...in a mitten-shaped flyover state, I think part of the problem might be that these businesses don't realize that most of the US doesn't look like LA, San Fran, or New York City. Therefore their idea of useful or exciting really isn't to someone living in Herpaderp Iowa, population 4,354. Maybe if they tooled their services to be a little more useful to people who can't just hop on the subway to the latest gastropub, they'd be a bit more successful.
For once I should have read the article. Pricing tiers. Still 50GB is a lot to give away.
Just wondering. If it's advertising, I don't see it lasting long.
Even Walmart offers options such as that. This is basically one-hour photo wrapped to look like an Apple store. The overhead will be hilarious, and they will go under inside a year.
So: What's the best way to make your own personal "cloud"?"
I need a car analogy about the Library of Congress before i can understand that number.
...but if I sign up for Alice's network, and ten of my friends are on Bob's network, and another 35 are on Charlie's network... what do we gain by belonging to 3 separate networks?
If the content is all federated (Alice's network pulls contact info from Bob's network, etc), it acts the exact same as Facebook does for the end user.
This to me sounds like an arbitrary barrier to social networking. My friends don't fit easily into social network "buckets", and nearly none of my friends have time to sort and connect to various federated sources of information. They have 15 seconds to check one spot - facebook - for notifications, messages, and status updates. The really hip ones use Twitter.
So really: Sell myself and my friends on this in one sentence. "It's not facebook" is not that sentence - if Google can't make that work, neither will geeks trying to precisely bucket social communication like we were robots instead of messy, finicky humans.
A d3 was essential for my Pathfinder character, an alcoholic gnome "drunken master" sorcerer; the DM tweaked a mechanic to allow all of my spells to be affected by my alcoholism; 1 was 50% less effective, 2 was normal, 3 was 50% more effective. Made for some tense moments (my fireball spell fizzling) or some utterly awesome moments (my fireball spell shattering the wooden bow of an Orc ship, saving the town and drowning about 50 enemies).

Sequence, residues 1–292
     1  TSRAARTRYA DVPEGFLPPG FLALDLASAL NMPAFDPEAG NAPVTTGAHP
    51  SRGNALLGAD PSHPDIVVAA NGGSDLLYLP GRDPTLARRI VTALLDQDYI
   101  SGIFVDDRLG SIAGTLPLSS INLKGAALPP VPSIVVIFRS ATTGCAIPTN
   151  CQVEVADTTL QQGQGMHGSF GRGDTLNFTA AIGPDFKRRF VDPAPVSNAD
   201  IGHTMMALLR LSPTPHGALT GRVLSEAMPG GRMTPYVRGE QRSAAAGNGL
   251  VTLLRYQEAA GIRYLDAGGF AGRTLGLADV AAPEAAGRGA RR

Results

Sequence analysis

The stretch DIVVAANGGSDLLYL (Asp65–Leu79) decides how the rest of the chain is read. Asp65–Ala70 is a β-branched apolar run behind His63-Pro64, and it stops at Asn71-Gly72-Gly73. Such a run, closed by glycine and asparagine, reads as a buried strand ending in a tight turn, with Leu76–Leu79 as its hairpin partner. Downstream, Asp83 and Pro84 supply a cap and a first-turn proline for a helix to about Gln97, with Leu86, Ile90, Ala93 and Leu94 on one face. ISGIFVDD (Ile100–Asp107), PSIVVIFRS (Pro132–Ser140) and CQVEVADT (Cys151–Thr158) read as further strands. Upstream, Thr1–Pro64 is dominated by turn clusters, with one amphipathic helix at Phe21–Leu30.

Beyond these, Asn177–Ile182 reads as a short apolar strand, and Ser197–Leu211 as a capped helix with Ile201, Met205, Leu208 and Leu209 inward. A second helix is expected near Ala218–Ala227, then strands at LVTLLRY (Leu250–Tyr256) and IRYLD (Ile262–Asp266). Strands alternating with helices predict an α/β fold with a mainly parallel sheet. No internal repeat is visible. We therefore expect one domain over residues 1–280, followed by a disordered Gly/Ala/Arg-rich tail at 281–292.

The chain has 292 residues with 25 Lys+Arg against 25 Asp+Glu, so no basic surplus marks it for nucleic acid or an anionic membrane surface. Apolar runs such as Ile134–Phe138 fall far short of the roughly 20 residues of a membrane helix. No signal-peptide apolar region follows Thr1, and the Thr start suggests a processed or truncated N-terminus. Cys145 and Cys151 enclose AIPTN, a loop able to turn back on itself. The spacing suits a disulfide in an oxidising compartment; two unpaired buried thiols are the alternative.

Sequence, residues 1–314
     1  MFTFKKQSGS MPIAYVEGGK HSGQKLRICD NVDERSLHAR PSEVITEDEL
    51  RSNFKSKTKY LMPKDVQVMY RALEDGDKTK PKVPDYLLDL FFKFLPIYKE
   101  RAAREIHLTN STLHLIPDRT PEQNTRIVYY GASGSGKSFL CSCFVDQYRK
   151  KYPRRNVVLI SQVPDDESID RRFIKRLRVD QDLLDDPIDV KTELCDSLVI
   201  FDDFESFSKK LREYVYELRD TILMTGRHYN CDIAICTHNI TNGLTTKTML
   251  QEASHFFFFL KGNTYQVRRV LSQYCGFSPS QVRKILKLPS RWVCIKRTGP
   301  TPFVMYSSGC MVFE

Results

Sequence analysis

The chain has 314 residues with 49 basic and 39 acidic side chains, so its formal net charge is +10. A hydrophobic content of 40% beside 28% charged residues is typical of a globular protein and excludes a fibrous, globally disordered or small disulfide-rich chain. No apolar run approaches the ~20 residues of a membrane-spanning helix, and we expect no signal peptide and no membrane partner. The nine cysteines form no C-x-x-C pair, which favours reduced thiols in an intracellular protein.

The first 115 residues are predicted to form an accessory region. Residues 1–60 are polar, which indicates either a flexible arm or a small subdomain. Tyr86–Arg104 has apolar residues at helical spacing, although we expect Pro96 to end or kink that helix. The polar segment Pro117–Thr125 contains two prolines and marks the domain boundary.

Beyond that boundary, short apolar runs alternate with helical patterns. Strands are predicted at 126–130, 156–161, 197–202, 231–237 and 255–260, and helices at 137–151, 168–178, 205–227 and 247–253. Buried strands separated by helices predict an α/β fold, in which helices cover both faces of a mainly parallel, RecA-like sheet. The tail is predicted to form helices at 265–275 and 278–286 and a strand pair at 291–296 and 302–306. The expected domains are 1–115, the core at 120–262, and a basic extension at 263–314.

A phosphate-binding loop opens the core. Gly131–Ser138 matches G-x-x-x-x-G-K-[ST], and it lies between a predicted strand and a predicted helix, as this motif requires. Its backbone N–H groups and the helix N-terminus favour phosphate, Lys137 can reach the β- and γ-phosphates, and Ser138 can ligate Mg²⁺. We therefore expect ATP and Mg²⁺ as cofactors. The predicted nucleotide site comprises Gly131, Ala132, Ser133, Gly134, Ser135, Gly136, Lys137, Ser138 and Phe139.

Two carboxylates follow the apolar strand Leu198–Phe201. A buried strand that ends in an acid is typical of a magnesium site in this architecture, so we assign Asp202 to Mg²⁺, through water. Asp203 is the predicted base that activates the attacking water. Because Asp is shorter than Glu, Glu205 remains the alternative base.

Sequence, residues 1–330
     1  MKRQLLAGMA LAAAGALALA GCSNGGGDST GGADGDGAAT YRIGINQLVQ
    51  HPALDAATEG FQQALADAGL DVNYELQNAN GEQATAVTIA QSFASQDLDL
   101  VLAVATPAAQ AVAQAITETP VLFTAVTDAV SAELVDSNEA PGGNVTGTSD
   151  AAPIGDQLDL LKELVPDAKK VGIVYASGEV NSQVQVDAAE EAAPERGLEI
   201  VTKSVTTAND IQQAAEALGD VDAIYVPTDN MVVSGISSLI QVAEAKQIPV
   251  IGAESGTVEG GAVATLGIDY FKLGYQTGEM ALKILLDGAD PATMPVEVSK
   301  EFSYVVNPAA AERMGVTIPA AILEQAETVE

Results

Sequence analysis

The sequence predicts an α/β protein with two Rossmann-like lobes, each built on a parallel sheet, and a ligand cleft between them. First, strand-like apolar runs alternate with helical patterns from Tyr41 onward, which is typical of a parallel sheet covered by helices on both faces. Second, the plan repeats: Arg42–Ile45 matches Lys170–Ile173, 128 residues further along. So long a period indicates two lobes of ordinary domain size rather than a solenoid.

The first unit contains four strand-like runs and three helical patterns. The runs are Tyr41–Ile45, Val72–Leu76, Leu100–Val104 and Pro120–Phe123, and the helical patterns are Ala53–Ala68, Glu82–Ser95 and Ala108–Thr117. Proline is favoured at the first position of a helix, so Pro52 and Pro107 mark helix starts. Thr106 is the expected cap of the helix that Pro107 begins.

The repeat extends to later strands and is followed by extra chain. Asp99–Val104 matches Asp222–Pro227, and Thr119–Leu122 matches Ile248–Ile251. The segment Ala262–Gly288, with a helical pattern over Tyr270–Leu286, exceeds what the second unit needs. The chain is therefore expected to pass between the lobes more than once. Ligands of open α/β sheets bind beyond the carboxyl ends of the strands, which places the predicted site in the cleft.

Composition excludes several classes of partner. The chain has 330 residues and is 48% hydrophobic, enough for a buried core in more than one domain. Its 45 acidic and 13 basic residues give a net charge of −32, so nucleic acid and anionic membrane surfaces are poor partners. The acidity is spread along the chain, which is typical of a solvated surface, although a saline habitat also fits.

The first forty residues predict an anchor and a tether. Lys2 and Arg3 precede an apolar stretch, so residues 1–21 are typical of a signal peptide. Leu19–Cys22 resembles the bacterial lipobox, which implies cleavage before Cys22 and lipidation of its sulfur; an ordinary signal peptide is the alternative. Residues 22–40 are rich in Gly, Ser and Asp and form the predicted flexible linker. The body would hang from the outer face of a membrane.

I miss Pathfinder.
This is brilliant; allow people to preen over themselves by getting them to pay a fiver to let "more" people see their posts.
It's like printing money.
I doubt it will affect regular users of facebook much; I assume the kinds of people that would pay money to let their posts be seen more would be blocked already from most people's feeds....
>Sure, the iPad is really nice and has its advantages, but don't assume that it's more capable or a better value. Personally, I'd prefer to have two Chromebooks sitting around my house than a single iPad.
Sure, but i'm betting that more people are like my wife, who basically abandoned their shiny fancy Macbook, for first an iPod touch, and then a rooted Nook Color tablet, because it's couch friendly. Using a mouse on a sofa cushion sucks.
...gets from this story is that it's "just" a social media app, "just" a stupid way to put filters on your crappy cell phone pics.
Sure is. And it's going to make their founders mountains of cash. If it were so easy, why didn't you come up with it? Eh? Is making money beneath you, snobby Slashdot User?
Utility lines perhaps, or the railroad still technically owns the right of way.
at this: "It would be interesting to repeat this analysis using Facebook data, but there is no reason to believe the results would be substantially different."
Yes, because the millions of smartphones out there with a camera and a Facebook app (as opposed to a flickr app) aren't going to skew the results at all.
Flickr is for people who like photography; ergo, the data is going to be skewed heavily towards actual cameras.
Facebook is for people sharing themselves with their friends and the world. One only has to peruse a random person's Facebook profile picture page to find hundreds of self-snaps taken in the bathroom, or at the pub, or on a train, or whatever.
Kodak, in my opinion, failed because they neglected to make quality products in their particular niche (easy to use, inexpensive, easy to share). They offshored their production, so Kodak cameras were notoriously hit-or-miss in regards to actually working right. They missed the highend market (then again Kodak was never known for that anyway), letting Sony, Pentax, Canon, and Nikon beat them there. They failed to leverage their gigantic photo paper experience into anything worthwhile (I own a Kodak printer that, as I type this, refuses to print due to some bizarre error I don't have time to diagnose).
In short, Kodak failed because Kodak fucked up. Photography isn't going anywhere. Hell, film photography isn't going anywhere. Kodak just stood still and let the world pass them by.
They took our Kodachrome away, and nobody cared.
It's a pretty geeky issue to get worked up about. Most people won't notice until Youtube gets pulled. By then it'll be on the books for months, and we won't have any recourse to get rid of it. And it's not like the Congress Critters are listening anyway. It's an election year, after all, and they need Hollywood donations....
Oh well, the internet was fun while it lasted. I guess I'll go outside now.
Was salivated over for its eye candy, not necessarily for its gameplay. It's a benchmarking tool. Then again, people who downloaded it for benchmarking certainly had no qualms over blowing thousands for a top of the line gaming rig....